Manchester City believe Pep Guardiola will stay to build a dynasty
Manchester City believe that Pep Guardiola will find their club a more natural home than either Barcelona or Bayern Munich and that it may be the place where he builds his first managerial dynasty by staying for longer than four years.
It is understood that Guardiola does not believe there is a need to rip up the City squad, despite a chronic domestic underperformance which has seen them collect 36 points from the last possible 75 and left the club fighting to maintain Champions League status.
Juventus’ Paul Pogba, Borussia Dortmund’s Ilkay Gundogan, Toni Kroos of Real Madrid and Everton pair Ross Barkley and John Stones are possible transfer targets this summer. The central defensive requirement comes despite City’s determination to give Vincent Kompany another season to fight off injury problems and also to blood his 20-year-old Belgian compatriot Jason Denayer, whom they will recall from loan at Galatasaray.
The potential for squad strengthening has also been enhanced, according to senior sources, by a marked number of players contacting City through their agents since it was announced last month that Guardiola would be the next manager to state: “We want to play for Pep.”
But City’s confidence that Guardiola will find the Etihad his natural domain is based on the environment they have promised him, rather than the potential to buy players. City can assure him that he will not encounter the internal politics which led him to leave Barcelona in 2012, after four years at the helm. Neither would they sanction one of his most coveted players being sold against his wishes, which Bayern did when insisting that Kroos be sold to Real two years ago.
Bayern can be a difficult club for a non-German to run, but the 45-year-old will find a Catalan enclave in east Manchester.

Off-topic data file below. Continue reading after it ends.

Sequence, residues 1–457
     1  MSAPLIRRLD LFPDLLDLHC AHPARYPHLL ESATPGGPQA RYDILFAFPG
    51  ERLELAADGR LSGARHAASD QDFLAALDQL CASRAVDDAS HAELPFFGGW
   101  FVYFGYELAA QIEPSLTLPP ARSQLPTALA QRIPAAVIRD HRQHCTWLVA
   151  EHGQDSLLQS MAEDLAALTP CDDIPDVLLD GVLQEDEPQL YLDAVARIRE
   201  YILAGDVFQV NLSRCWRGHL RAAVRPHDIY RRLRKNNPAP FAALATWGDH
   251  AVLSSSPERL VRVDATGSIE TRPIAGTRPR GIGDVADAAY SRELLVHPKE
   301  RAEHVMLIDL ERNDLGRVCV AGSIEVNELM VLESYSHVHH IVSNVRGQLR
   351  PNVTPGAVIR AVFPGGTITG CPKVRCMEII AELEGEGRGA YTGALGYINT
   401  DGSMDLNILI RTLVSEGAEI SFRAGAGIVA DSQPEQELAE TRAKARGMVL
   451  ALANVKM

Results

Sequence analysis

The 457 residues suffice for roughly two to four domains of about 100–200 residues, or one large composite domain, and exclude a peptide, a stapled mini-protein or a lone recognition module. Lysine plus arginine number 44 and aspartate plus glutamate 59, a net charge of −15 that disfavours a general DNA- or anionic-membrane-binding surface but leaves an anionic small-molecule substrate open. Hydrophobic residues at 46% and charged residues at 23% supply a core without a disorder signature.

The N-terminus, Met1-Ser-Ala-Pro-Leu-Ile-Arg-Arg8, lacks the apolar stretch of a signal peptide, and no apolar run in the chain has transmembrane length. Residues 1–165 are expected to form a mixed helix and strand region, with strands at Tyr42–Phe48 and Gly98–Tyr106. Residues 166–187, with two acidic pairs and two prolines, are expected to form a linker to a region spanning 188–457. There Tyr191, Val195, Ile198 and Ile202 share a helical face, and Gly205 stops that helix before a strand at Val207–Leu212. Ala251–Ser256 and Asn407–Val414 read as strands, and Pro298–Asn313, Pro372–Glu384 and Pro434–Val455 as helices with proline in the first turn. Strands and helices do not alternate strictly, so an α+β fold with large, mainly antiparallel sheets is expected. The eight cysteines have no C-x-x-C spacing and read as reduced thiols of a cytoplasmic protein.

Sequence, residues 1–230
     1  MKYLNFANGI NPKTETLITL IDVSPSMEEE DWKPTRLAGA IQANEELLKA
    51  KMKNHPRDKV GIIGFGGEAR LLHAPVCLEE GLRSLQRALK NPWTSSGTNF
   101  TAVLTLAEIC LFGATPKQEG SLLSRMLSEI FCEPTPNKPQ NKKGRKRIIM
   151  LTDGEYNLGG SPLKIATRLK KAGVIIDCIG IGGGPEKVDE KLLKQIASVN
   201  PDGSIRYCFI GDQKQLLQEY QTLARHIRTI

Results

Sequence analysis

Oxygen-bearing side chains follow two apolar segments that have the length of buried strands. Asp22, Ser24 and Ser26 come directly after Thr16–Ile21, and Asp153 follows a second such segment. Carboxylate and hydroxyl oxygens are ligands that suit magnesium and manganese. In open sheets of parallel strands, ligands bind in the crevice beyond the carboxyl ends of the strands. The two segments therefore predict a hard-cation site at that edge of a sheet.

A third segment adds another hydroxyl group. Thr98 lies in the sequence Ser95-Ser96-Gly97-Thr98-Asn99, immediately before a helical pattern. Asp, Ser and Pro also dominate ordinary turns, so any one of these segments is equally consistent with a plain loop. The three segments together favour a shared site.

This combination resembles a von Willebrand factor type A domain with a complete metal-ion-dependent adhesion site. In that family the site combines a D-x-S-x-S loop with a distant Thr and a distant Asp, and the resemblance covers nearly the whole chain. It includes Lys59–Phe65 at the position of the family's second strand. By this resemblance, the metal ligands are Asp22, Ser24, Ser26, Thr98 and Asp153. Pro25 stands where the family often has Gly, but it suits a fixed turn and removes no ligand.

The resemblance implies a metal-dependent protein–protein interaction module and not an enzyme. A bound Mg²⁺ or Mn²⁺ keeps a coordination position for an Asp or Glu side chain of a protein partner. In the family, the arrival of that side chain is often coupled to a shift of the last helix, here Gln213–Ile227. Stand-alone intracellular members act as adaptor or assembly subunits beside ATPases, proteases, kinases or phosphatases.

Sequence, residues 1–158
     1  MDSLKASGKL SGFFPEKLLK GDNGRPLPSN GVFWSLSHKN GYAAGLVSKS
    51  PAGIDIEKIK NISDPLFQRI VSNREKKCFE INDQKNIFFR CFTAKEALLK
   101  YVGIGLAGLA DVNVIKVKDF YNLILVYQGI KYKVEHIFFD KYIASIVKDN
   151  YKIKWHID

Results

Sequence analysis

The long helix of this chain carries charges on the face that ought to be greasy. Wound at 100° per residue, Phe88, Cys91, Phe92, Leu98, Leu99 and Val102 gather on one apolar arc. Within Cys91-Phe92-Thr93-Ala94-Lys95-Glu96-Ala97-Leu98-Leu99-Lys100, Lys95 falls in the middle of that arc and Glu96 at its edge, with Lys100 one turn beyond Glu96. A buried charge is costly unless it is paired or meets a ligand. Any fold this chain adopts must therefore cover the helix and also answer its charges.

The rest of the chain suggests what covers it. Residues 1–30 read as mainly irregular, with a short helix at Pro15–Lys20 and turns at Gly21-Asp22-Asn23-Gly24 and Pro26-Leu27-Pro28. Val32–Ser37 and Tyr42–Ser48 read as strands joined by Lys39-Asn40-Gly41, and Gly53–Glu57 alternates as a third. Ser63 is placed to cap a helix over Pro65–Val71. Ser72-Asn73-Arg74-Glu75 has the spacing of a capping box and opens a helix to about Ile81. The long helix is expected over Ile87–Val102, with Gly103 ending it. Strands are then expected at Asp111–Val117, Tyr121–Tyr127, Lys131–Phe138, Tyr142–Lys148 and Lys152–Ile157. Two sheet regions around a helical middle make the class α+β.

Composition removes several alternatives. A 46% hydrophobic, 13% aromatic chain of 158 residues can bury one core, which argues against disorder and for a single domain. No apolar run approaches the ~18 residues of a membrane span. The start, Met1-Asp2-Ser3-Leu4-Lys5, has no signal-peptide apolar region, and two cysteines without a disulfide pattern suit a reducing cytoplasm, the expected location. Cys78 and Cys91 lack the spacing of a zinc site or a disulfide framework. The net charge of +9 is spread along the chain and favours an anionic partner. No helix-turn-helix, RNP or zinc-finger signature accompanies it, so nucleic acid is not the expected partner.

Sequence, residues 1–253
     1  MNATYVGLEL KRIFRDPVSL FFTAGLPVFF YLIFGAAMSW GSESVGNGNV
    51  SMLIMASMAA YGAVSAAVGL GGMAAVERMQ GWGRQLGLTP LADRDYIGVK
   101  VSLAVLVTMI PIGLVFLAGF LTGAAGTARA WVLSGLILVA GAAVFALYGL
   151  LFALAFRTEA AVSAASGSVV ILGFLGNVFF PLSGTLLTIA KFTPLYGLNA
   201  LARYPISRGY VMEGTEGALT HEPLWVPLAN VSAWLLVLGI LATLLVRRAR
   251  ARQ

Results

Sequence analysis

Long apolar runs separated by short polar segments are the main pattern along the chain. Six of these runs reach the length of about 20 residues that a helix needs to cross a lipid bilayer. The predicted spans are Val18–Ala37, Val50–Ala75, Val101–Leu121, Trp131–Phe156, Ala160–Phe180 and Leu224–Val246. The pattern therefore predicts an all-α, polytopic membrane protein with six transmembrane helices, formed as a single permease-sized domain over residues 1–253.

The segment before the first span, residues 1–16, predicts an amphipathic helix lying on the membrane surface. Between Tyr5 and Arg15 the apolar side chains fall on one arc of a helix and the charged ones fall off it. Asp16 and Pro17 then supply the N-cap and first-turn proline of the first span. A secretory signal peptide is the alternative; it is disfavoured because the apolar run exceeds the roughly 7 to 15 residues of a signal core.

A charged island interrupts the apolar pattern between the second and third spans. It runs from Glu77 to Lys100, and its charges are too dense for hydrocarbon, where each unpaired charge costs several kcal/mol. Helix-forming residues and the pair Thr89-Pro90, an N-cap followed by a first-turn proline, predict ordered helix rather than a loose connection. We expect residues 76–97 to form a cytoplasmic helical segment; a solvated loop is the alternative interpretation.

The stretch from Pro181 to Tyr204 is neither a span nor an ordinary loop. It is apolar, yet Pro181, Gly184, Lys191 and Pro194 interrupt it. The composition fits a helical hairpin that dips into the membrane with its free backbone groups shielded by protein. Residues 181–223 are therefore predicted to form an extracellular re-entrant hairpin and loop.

He has already worked with City’s director of football, Txiki Begiristain, and chief executive, Ferran Soriano, at Barcelona and their football philosophy – possession, playing in their opponents’ half and exploiting width – coheres with his own.
Sources at the top of the club believe that the biggest challenge Guardiola will face is the colossal difficulty of the Premier League itself – a competition which now dwarfs the Champions League and any other continental version, with every opponent equipped with players from the ranks of the world’s top 200 players.
City’s Abu Dhabi owners knew from their first months at the helm, in 2008, what the size of the challenge from clubs outside the so-called top four entailed. Chairman Khaldoon al-Mubarak also has vivid memories of the trip to Stoke City in the depths of winter in 2009 when the home side were reduced to 10 men in the first half but still beat City 1-0.
Yet even the owners did not fully appreciate how the vast broadcasting revenues would create such equilibrium between sides, manifest in Leicester City’s title charge this season.
Such is the level of competition, City believe that it will now take more than a good transfer acquisition system to win the Premier League and are looking for other competitive advantages.
Guardiola’s appeal to transfer targets who may otherwise settle for a less gruelling weekly environment in La Liga or the Bundesliga is seen as one.
City may seize on the interest in the elite player community which Guardiola’s arrival is generating, though it is understood that no player from Barça has been in contact and no one from that club is on their list of transfer targets.
If Guardiola’s stay in Manchester is limited to the three years of his contract, Patrick Vieira would be considered as the perfect candidate to take over if he can prove himself in the intervening period at New York City, City’s sister club.
Vieira’s side lost for the first time this season in the MLS on Friday, beaten 1-0 at home by Orlando, meaning they have a win, a loss and a defeat from their opening three games.
Independent News Service